With reference to FIGS. 1-2, the sensors 30 are configured to measure or detect one or more conditions or parameters relating to the tracked assets. The one or more conditions or parameters may include (but not limited to) light, humidity, temperature, motion, shock, pressure, airflow, vibration, gas level, magnet fields, and/or the like. Detection of shock or vibration, for instance above a predetermined threshold, by the sensors 30 may indicate, for example, that the container in which the tracked assets are contained is being opened. Likewise, detection of light, for instance above a predetermined threshold, by the sensors 30 may indicate, for example, that the container is open. Detection of motion, for instance above a predetermined threshold, by the sensors 30 may indicate, for example, that the container is being moved (e.g., stolen). Detection of humidity or temperature, for instance above a predetermined threshold, by the sensors 30 may indicate, for example, that the contents of the container may be harmed (e.g., spoil, freeze, etc.) by the current environmental conditions. The measured or detected data may be transmitted to the first processor 40.

In particular embodiments, the sensors 60 and the RFID device 70 may be arranged on a daughter card 18 for communicating with the first processor 40. In some embodiments, the daughter card 18 may be separate from the first processor 40 and the second processor 50.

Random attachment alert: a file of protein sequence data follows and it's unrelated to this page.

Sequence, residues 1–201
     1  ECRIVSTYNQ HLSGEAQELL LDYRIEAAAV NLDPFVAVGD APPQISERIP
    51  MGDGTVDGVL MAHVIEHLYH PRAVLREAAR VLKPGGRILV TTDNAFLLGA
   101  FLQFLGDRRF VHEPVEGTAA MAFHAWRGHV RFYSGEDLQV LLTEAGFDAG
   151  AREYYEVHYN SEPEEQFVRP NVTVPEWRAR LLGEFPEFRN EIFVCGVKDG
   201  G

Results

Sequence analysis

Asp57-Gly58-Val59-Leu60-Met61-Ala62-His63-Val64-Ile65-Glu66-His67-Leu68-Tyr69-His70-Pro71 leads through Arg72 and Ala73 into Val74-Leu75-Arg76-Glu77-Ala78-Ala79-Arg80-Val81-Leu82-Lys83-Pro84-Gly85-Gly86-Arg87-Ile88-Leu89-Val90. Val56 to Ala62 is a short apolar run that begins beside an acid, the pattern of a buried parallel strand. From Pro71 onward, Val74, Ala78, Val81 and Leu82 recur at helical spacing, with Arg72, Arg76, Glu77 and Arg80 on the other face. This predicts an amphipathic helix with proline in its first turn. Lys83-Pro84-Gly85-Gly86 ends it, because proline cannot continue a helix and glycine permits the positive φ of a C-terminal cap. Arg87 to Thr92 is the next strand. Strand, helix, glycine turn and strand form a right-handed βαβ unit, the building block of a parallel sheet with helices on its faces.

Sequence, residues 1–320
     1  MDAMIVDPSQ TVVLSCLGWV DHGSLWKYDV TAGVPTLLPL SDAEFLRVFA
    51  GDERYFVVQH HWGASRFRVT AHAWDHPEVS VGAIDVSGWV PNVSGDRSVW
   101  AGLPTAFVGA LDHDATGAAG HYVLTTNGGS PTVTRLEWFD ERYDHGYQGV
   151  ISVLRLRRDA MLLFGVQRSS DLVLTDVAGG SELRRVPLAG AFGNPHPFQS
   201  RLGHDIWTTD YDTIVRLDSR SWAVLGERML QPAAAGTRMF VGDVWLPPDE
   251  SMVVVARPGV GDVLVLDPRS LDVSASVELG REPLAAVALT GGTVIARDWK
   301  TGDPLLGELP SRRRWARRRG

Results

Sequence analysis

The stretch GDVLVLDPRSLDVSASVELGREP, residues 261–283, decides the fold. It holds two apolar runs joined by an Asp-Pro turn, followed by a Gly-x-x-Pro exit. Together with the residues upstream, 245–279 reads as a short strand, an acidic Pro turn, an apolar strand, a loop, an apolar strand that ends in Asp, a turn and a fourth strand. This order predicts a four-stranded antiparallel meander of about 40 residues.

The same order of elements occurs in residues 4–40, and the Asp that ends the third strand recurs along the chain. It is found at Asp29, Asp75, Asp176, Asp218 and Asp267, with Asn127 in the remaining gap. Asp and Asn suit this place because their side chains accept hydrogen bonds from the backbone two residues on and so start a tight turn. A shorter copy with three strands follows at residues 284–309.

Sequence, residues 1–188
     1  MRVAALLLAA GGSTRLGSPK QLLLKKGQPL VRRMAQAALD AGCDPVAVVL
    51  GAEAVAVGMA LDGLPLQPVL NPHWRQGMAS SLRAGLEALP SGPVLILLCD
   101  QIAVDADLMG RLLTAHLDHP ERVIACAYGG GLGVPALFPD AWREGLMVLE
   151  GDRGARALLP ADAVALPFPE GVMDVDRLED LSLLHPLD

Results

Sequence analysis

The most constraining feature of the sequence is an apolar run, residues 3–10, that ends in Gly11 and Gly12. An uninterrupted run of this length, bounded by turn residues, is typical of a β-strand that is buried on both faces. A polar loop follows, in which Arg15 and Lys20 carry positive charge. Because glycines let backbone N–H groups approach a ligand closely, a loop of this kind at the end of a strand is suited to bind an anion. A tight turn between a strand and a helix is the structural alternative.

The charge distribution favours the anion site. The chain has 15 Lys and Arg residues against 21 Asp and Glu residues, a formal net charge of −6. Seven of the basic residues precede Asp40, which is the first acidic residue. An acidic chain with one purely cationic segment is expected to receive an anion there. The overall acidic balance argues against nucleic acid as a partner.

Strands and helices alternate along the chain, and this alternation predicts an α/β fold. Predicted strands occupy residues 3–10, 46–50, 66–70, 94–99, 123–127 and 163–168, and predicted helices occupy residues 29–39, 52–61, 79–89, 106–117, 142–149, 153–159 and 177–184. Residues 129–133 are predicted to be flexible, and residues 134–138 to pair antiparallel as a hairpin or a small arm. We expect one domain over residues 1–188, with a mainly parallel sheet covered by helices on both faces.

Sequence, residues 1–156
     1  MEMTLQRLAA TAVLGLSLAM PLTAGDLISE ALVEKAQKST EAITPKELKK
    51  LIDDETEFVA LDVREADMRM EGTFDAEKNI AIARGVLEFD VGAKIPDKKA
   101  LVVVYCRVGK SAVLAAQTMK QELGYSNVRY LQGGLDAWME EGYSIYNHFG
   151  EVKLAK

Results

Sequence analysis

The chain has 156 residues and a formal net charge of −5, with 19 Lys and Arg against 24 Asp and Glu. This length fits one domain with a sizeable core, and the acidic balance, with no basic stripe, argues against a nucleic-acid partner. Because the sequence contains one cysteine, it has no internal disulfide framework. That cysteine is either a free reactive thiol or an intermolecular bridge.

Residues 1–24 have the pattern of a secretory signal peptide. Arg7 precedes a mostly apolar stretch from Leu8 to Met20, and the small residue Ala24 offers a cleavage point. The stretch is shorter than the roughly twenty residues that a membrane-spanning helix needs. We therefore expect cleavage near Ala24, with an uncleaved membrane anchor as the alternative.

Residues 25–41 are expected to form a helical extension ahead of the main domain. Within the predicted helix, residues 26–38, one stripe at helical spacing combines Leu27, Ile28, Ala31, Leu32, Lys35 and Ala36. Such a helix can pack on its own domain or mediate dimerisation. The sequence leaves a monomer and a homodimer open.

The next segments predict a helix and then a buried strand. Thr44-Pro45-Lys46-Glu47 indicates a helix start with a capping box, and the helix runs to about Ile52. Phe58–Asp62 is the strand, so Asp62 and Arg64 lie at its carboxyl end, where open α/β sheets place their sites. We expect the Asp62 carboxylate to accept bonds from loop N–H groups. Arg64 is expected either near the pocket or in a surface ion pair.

The second processor 50 may communicate with the first processor 40 to retrieve sensor data and the RFID data received from the sensors 60 and the RFID data, respectively. In some embodiments, the second processor 50 (and/or the first processor 40) may be configured to allow for setting of thresholds for the sensors 60 (and/or the RFID device 70). In particular embodiments, the second processor 50 may receive an interrupt from the first processor 40 when a threshold for the sensors 60 is passed. For example, a motion threshold may be set (e.g., via the server 30) such that any motion detected above the set threshold causes an interrupt to be sent from the first processor 40 to the second processor 50. As a result, the second processor 50, for example, may wake from a hibernation mode to transmit data relating to the detected motion, the asset being tracked, and/or the like.

In various embodiments, one or more of the tracking devices 10 can serve as a master for other tracking devices (clients). The master tracking devices can power up and power down the higher-power second processor 50 and maintain the lower-power first processor 40. The client tracking devices could merely maintain the lower-power first processor 40 active for local networking (e.g., mesh networking) and data exchanges with the master tracking device and other client tracking devices, for example via the LAN 22 (e.g., 3A-3C, 5, and 6). Thus, because the master tracking devices may report data on behalf of the client tracking devices, the client tracking devices may hibernate their respective second processors 50 or otherwise disable or reduce their respective WWAN communication functionality (and/or other functionality) (e.g., client tracking devices 10B and 10D in FIG. 5).